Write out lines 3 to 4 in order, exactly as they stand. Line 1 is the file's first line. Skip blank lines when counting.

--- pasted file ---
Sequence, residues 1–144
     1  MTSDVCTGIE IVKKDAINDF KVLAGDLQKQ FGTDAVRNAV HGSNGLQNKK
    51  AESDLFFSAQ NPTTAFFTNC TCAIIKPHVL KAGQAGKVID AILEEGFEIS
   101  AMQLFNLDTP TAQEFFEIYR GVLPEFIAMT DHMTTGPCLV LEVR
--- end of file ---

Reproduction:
    51  AESDLFFSAQ NPTTAFFTNC TCAIIKPHVL KAGQAGKVID AILEEGFEIS
   101  AMQLFNLDTP TAQEFFEIYR GVLPEFIAMT DHMTTGPCLV LEVR